Up to 75 percent of all anaplasma infections proceed without any recognizable signs of illness. After an incubation period of about five to 30 days, flu-like symptoms (high fever, headache, aching limbs, muscles and joints) may occur. Rarely, abdominal pain, nausea, vomiting and diarrhea occur. Severe complications such as multiple organ failure, meningitis, and acute respiratory distress syndrome may occur in people with compromised immune systems.
Situation in Austria
In veterinary medicine, the pathogen has been known since 1932, and the first infection in humans was reported in the 1990s. For the first time, Anaplasma phagocytophilum DNA was detected in the common wood tick(Ixodes ricinus) and deer in 2002. The presence of Anaplasma in ticks and deer has been repeatedly confirmed since then. Human diseases with source of infection in Austria are very rare but severe courses have been documented.
The vector of A. phagocytophilum in Europe is the tick species Ixodes ricinus. The prevalence of A. phagocytophilum in different countries ranges from 0.5% to 34% , with high variability within and between countries. In Central and Eastern Europe, high variability in prevalence was found in different countries, ranging from low levels in Hungary and Moldova (0.5%-2.4%) to intermediate levels in Slovakia and Russia (8%-9%) to high levels of 34% in Bulgaria.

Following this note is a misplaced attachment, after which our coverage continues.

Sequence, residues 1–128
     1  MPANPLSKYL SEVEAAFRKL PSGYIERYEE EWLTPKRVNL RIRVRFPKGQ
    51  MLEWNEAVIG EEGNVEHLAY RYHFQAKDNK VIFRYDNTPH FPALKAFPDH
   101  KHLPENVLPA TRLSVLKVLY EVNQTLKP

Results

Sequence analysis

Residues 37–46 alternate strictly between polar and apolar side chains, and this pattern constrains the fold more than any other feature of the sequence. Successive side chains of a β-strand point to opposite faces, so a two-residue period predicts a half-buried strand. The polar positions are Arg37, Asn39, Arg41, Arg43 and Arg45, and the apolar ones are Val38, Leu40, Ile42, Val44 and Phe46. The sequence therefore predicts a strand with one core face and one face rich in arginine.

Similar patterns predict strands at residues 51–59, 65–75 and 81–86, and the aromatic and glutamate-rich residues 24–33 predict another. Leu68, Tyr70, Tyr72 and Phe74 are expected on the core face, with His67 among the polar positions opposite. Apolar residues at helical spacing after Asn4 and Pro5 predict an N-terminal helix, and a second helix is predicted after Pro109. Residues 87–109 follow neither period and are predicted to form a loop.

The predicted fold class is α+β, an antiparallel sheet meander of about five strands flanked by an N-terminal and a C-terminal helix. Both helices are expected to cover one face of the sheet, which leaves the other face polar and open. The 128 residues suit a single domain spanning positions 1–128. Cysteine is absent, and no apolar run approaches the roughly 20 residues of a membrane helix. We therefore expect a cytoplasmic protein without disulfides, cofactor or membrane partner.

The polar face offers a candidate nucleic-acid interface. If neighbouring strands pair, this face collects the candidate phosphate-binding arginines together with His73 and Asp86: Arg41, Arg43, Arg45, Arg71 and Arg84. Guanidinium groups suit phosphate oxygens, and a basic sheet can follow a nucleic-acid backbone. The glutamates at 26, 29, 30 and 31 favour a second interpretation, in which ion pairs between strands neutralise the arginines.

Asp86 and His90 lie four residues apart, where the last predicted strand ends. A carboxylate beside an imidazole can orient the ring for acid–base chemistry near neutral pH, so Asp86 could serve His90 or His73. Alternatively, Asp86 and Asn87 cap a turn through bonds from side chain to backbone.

Therapy: use of doxycycline should be initiated when clinically suspected. Therapy is most effective when started early in the course of illness. Doxycycline is highly effective, and there are no reports of posttherapeutic relapse. Treatment usually responds rapidly and results in significant clinical improvement within 24 to 72 hours. A possible alternative for patients with doxycycline allergy or mild disease during pregnancy is rifampicin.
Although human anaplasmosis has been reported very rarely in Austria, it should be considered as a differential diagnosis in patients with fever with low leukocyte and platelet counts and elevated C-reactive protein after a tick bite.
The standard serologic test for the diagnosis of anaplasmosis is the indirect immunofluorescence assay (IFA). Examination of paired serum samples allows detection of a significant (fourfold) increase in antibody titers. This improves the validity of the serology. The first sample should be collected during the first week of illness; the result is often negative. The second sample is taken 2 to 4 weeks later. IgM antibodies are less specific than IgG antibodies and can lead to false positive results. IgM results alone should not be used for laboratory diagnosis. During the acute phase of illness, whole blood analysis by polymerase chain reaction (PCR) can be performed. This method is highly sensitive at the onset of illness; however, sensitivity may decrease after antibiotic use has begun.
Last updated: 09.03.2023